The short debuted on December 18, 1964 and was successful critically and financially receiving an Oscar for Best Animated Short.
De-Patie-Freleng began producing shorts in quick succession, around eight to twelve per year. The peak year was 1968 with 17 released that year alone. Pratt directed many of the early shorts. It was the beginning of not only a long running series of theatrical cartoons but several television series and specials and a flood of merchandise.
Animator Ken Harris remembered animating the titles for the first film: “I didn’t especially like the character, but I didn’t dislike it. He was kind of hard to animate, with long legs and tail, but it worked out all right. I probably did 60% of the animation on the titles at the beginning.
“The layout for the cartoon character was done by Hawley Pratt who worked for the DePatie-Freleng Studio in Hollywood. He did the original drawings and came up with the design and style of the character which was then approved by the film’s director Blake Edwards. That happened in 1962-63 which was my last year before Warner Bros. closed their cartoon department.
“For The Return of the Pink Panther, it was Dick Williams’ idea to do Gene Kelly, Fred Astaire, George Raft, Cyd Charisse, Esther Williams, Noel Coward, Groucho Marx, Cagney, Cooper, Carmen Miranda and all those old time movie stars.
“We even had Cecil B. DeMille. It was my idea to have the Panther dancing and jiggling his rear end. We ran some reels of their old films and looked at books with typical poses of Astaire, Ginger Rogers and Gene Kelly. If anything, I think it turned out we were most influenced by Gene.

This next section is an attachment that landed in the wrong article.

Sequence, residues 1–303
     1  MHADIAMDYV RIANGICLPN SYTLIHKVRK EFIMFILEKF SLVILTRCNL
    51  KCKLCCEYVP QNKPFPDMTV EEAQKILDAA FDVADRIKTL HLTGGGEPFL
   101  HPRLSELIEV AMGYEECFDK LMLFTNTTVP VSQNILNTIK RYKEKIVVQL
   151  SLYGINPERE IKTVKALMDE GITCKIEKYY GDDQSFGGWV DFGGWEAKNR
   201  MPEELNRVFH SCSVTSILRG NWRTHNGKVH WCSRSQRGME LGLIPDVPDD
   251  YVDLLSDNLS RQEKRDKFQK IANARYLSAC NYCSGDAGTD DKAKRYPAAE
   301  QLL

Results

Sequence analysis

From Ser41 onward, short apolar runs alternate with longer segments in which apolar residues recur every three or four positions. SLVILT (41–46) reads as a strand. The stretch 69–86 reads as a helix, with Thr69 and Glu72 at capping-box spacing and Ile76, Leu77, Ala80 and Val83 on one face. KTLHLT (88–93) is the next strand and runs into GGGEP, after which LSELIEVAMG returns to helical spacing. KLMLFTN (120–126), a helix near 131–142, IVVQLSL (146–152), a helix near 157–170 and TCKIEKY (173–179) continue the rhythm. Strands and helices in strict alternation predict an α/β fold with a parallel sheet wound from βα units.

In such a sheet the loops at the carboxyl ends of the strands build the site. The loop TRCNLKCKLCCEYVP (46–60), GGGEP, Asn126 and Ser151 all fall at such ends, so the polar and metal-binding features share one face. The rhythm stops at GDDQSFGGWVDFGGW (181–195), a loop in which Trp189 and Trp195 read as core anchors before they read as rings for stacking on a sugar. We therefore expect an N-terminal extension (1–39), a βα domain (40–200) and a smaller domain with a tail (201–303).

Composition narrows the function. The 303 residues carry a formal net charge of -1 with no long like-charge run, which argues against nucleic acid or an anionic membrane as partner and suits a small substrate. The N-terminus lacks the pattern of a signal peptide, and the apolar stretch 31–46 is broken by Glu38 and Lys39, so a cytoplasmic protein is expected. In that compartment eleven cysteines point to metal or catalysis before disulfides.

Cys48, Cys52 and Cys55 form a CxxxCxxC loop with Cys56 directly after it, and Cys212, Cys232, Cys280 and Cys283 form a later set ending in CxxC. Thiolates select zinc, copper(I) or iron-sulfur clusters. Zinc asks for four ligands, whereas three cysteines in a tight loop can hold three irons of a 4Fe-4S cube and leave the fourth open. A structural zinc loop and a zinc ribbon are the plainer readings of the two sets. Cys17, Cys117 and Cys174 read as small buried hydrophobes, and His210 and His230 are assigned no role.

“The Pink Panther credits last about four minutes and take about twelve weeks to animate. For The Return of the Pink Panther, I did most of the animation myself working with one assistant, John Ellis.
“I didn’t particularly like the character of the Pink Panther at first. He’s very uppity by nature although he’s suave and debonair but now I’m used to his tricks and enjoy drawing him.”
Richard Williams remembered, “Ken was amazing. He was 77 years old and came over here (England) and spent weeks wiggling his behind backwards and forwards in order to feel the correct movement for that opening shot of the Panther.”
Animator Tony White who animated the titles in The Pink Panther Strikes Again said, “In The Return of the Pink Panther we sent-up old-time stars but for The Pink Panther Strikes Again, we decided to send up old movies. Among the films included were King Kong, Singin’ In the Rain, The Sound of Music and the ‘Big Spender’ number from Sweet Charity.
“We also had Buster Keaton and Dracula as well as a spoof of the famous Hitchcock silhouette.
“For instance, we showed King Kong snatching at planes on top of the Empire State Building then Clouseau snatched off Kong’s mask and underneath it was the Pink Panther’s tiny head. Then we had the cartoon Clouseau swimming underwater with Panther as a shark suddenly appearing and bearing down on him as a send-up of Jaws. Clouseau is becoming more of a central character, but the Pink Panther is responsible for lousing up everything he does.
“The back of the Panther’s head is very difficult to draw. If I ever have any problems I usually sleep on them and everything turns out all right the next day. I spent about twelve weeks working on the titles for The Pink Panther Strikes Again with Richard Burdett as my assistant. I love drawing the character and hope to animate him again some day.”